Why are Failures so Common?
- Risks Not Identified
- Business Processes Remain Unchanged
- Budget & Timeline Expectations Not Met
- Budget & timeline promises made too early
- Inaccurate price quote
- Business process changes not identified early enough
- Scope of integrations not adequately defined up front
- Lack of detailed project plan
- Not enough client resources devoted to the project
- Approval of unnecessary customizations
- Scope creep during testing and training
- Data conversion specs not adequately defined
Approval of unnecessary customizations
Approval of unnecessary customizations due to inadequate cost/benefit analysis and lack of business process change analysis
It’s a trap that is easy to fall into… senior management delegates the discovery and design effort to staff, and staff asks for all the features they might ever want in the new AMS, LMS, or Website. Staff’s view of what is needed is based on their experience with the old system and the current business processes. The vendor wants to satisfy staff’s requests, so they design customizations and work-arounds, all of which add time and cost to the project. Management approves the timeline and cost without a thorough cost justification or in-depth analysis of how business processes could be changed in order to avoid the customizations and work-arounds. Ironically, many associations end up paying even more to have some of the customizations removed a few years down the line, after they realize that they were not needed after all and that they compromised the vendor’s support.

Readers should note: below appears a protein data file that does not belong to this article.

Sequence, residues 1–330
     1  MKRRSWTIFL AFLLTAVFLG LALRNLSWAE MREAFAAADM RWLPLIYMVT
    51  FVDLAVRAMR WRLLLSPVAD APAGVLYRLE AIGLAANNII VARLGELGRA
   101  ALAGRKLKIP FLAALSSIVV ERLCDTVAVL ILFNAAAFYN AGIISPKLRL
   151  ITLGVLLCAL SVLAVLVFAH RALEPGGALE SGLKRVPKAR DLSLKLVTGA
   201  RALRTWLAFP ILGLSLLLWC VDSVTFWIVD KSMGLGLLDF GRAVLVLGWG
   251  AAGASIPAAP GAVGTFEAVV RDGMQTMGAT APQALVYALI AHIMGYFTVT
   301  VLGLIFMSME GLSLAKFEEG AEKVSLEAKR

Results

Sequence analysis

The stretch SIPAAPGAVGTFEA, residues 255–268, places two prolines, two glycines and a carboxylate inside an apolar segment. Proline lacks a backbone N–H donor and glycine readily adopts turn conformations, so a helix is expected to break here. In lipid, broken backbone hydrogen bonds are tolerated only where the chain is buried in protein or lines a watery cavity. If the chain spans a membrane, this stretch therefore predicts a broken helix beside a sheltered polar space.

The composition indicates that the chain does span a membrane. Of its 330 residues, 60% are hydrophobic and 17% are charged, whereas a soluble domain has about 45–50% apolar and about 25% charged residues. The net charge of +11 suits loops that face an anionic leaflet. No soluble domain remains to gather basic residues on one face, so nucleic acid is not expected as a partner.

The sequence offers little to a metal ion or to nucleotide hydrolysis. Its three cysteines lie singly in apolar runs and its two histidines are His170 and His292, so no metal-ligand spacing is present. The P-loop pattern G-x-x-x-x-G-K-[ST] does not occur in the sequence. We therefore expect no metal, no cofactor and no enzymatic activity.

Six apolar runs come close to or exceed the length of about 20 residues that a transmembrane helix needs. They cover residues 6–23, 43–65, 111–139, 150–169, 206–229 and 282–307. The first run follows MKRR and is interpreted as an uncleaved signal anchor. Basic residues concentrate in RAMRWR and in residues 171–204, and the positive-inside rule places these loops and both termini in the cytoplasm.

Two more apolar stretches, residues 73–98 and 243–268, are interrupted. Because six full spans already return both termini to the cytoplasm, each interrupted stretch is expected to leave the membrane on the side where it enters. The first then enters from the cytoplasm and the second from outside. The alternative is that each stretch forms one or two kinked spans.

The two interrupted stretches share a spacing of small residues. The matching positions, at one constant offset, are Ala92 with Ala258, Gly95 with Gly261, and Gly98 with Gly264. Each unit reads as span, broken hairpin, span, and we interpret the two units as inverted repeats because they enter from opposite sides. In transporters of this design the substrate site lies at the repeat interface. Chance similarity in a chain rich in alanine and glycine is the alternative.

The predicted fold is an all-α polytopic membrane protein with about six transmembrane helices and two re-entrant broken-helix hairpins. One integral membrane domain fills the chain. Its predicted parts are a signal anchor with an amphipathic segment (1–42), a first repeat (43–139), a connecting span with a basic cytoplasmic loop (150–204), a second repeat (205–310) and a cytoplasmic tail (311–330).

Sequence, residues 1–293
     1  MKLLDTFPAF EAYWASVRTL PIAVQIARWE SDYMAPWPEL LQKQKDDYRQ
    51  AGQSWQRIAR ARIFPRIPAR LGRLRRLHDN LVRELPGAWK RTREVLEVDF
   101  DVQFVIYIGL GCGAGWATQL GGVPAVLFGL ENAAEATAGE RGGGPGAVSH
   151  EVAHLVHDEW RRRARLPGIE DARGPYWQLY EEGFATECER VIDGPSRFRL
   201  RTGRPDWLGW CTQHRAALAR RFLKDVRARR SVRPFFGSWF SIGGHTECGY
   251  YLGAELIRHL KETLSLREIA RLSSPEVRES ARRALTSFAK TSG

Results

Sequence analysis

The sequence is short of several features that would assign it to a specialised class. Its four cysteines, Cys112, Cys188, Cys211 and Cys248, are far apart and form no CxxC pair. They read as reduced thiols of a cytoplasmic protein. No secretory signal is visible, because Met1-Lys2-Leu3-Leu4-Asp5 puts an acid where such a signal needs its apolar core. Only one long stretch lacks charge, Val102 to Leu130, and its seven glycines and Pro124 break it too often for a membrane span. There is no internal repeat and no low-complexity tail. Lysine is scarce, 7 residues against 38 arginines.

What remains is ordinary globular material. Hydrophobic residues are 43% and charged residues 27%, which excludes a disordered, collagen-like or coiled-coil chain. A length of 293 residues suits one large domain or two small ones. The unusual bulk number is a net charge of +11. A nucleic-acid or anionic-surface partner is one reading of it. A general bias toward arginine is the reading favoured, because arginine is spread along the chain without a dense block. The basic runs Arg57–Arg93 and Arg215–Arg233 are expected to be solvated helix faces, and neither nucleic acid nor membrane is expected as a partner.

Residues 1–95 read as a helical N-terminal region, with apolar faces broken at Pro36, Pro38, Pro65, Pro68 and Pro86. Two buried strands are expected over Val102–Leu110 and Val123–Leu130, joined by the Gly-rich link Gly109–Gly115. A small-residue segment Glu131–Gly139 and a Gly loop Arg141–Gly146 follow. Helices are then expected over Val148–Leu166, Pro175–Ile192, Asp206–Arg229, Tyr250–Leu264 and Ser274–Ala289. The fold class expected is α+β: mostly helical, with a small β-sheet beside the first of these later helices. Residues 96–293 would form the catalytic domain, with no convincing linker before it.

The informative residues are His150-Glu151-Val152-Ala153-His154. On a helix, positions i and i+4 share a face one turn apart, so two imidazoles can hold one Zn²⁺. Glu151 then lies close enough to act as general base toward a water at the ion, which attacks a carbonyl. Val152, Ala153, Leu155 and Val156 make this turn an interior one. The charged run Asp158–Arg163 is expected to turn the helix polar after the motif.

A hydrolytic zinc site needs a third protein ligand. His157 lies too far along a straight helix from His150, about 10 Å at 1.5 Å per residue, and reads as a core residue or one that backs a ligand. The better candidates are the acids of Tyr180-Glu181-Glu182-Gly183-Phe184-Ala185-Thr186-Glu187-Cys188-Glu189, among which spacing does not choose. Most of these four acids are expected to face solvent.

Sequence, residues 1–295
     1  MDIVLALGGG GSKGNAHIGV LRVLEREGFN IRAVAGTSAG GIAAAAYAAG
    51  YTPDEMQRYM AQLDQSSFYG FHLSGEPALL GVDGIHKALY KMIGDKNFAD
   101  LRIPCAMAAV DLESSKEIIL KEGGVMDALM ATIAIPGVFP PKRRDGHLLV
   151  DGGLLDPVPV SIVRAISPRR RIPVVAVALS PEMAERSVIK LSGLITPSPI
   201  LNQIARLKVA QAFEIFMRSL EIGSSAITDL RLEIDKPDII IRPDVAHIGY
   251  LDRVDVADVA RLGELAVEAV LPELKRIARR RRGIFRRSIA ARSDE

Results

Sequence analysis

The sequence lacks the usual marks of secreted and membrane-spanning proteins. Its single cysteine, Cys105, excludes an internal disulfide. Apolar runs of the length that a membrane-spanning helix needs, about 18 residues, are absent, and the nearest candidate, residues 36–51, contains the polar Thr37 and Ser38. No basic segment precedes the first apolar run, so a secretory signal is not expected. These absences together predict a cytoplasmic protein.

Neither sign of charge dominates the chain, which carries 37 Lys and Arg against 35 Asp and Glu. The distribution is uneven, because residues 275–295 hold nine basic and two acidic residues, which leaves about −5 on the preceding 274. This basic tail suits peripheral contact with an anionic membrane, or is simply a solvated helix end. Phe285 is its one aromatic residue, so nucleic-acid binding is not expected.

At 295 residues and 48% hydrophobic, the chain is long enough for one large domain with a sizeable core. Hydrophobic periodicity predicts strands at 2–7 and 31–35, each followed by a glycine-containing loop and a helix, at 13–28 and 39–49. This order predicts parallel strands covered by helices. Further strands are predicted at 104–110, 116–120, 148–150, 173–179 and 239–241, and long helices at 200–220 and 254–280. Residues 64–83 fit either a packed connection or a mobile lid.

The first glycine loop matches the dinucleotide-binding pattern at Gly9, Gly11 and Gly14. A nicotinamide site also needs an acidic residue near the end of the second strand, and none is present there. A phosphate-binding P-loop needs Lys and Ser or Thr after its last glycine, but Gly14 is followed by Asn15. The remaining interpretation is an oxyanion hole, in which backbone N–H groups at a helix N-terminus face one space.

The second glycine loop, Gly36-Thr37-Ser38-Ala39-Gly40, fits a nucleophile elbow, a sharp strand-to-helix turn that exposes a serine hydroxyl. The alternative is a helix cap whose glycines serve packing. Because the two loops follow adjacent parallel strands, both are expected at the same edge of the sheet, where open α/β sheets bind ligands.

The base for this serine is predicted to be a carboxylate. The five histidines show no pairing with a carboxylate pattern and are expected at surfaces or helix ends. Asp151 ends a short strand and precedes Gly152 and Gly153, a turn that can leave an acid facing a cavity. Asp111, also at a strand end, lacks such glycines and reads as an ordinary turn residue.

The Framework provides a specific methodology for analyzing Business Process Changes, and ISCG professionals can help document workflow diagrams that are easily understood by both vendors and staff. See “No focus on business process change” for additional information on the importance of defining business process changes early in your project.
The Framework’s ROI Value Analysis gives you a tool to analyze potential customizations, and identify the ones that provide the greatest return. Decisions can be made based on what is justified rather than approving everything just because one staff member says “we need it.”